Electronic-Dance

Rivington Não Rio (CD)

After leaving the Prefuse 73 moniker lying dormant for several years producer Guillermo Scott Herren has returned. "I've come back to hyper focusing, immersing myself in the sounds, rhythms, and formations that created Prefuse 73 in the first place," he says. "… Right now I'm at my most confident and comfortable since 05/06." Rivington Não Rio is the only full-length release in his trio of recently announced Temporary Residence recordings. Sandwiched between Forsyth Garden and Every Color of DarknessRio is the key to unlocking this “epic triptych.” The album does not attempt to push too far outside of the spacey and low key, keeping it fairly even keeled and balanced. The entire album moves with a casual head nod pace, layered just enough to lose focus on the present. Tracks like “Applauded Assumptions” and “Inside” instrumentally meander and warp through beats and glitch experimentation. When Herren adds vocal talents, such as Pinback’s Rob Crow on “Quiet One” or Sam Dew on “Infrared,” his beats and glitches seem to merge and weave in between the words. Whereas in "140 Jabs Interlude” Herren has alt rappers’ Milo and Busdriver take the front seat and drive the beat. Heren may be returning to the sound that made up Prefuse 73 in the first place, but Rivington Não Rio has much more to offer than just a return to greatness.

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Damogen Furies (CD)

In 2015 the overload of the senses is rather hard to impress upon humans. As information flows freely at a breakneck pace, anesthetized youths engage in a barrage of cultural and emotional assaults on the daily. There seems to be an infinite capacity to the modern humans’ sensory intake. Enter Tom Jekinson AKA Squarepusher. IDM’s antidote to the sonically apathetic. In Damogen Furies Squarepusher has concocted a Free-Jazz inspired unity with the current sound of EDM. The unifying qualities however tend to sound more like an affable acknowledgement of the times backed with an uppercut of unpredictable drill and bass. This unpredictability is due to the spontaneous recording techniques at Jekinson’s disposal. A setup that he created on the road to imitate his home studio, which allows him to record and mix everything in one take. Once that fact comes into view the epic club banger vibe of the opener “Stor Eiglass” or the proficient build of the '80s synth-scape “Exjag Nives” all the more impressive. The bombastic spontaneity of Damogen Furies is equally as innovative as Squarepusher has known to be in the past, with a brutality that matches the current landscape. Brace yourself.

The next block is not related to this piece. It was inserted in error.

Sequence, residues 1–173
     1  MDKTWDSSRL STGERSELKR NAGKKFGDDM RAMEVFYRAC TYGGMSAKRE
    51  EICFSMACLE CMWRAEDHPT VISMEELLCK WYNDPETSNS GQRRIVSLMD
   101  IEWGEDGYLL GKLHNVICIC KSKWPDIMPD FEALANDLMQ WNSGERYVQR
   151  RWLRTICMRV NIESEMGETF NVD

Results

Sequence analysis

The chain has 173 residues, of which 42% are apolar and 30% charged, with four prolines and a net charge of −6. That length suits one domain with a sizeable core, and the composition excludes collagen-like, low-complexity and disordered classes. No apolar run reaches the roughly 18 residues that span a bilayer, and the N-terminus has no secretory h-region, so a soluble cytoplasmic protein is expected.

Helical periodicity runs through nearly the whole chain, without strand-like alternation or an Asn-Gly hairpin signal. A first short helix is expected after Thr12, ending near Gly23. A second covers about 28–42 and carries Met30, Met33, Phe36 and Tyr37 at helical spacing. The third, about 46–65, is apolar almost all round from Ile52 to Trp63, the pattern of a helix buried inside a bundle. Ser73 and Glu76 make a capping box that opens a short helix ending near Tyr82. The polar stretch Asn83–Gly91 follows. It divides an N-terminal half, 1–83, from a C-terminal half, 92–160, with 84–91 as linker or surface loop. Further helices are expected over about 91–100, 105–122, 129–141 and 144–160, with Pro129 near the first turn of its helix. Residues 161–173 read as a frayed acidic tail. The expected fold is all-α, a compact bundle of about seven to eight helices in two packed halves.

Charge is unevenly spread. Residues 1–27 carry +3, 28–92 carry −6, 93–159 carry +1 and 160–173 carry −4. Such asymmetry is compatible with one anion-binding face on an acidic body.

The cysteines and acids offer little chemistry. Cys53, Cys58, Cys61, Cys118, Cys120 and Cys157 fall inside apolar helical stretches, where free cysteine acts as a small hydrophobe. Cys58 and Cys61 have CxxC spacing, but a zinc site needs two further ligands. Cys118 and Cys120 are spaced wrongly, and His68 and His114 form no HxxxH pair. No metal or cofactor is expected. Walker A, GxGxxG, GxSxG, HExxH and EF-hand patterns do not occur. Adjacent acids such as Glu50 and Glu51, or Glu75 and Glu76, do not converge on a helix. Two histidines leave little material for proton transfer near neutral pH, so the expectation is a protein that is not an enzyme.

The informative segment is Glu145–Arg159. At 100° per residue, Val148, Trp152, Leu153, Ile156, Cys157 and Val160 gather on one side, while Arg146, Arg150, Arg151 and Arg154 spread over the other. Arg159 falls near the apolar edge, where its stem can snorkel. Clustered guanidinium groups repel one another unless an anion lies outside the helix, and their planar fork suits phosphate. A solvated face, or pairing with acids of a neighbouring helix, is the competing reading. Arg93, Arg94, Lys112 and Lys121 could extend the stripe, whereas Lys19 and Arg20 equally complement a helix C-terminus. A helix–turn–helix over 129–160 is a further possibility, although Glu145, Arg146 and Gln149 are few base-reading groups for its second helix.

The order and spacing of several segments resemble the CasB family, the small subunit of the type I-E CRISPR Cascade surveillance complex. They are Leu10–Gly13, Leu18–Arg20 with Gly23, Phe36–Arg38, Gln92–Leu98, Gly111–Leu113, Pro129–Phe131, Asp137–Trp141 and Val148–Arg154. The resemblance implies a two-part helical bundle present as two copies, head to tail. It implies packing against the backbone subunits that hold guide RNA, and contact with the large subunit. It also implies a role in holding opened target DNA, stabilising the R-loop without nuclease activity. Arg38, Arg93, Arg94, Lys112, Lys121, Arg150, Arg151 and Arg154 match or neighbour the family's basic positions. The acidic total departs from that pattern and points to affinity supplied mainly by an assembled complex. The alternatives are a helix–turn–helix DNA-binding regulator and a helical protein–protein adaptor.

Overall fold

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III (CD)

This trio is changing the rules on improvised instrumental music and taking jazz into the future. III is their biggest project yet, ushering in the group’s newest explorations that are proving to be limitless.

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Human Voice (CD)

Dntel, solo producer by the name of Jimmy Tamborello has long been creating soundscapes for others to put their human voice over. With Human Voice Tamborello has refused listeners the rights to their own language. Instead, he has created a world where connection is fleeting, melody is deconstructed, and all “voices” mechanized. An interesting proposition when the bulk of your listeners associate your music with Death Cab For Cutie’s emotive crooner Ben Gibbard. Nevertheless, the gambit pays off. Amidst the bits and grids of Human Voice, the mechanized voices morph through layered synths and staccato beats from the unintelligible to a distinct melodic pattern and back again. After 8 tracks It gives the listener the feeling of having communicated with a being not unlike a robot Ben Gibbard.

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Down To Earth (CD)

With the help of some ace vocalists, Aussie producer duo Flight Facilities have a seductively cool debut album on their hands. Singer/songwriter Emma Louise sells the soft and sensual “Two Bodies.” “Comedy Bang Bang’s” Reggie Watts proves a soulful crooner on the groovy “Sunshine.” The whistling, beat-driven “Stand Still” leaves you doing anything but, while singer/producer Stee Downes helps the duo remake adult contemporary synth-funk on “Hold Me Down.” The non-vocal tracks are just as sweet, with found recordings serving to add a dose of drama to the duo’s silky synth sounds. Flight Facilities could go further to distinguish themselves, but what they do, they do very well. And songs like “Crave You” have a lot of personality—pop singer Giselle pines away, “Why can’t you want me like the other boys do? They stare at me, while I stare at you,” over the duo’s jazz-inspired production. Consistently engaging and immaculately made, it’s a project that ultimately soars.

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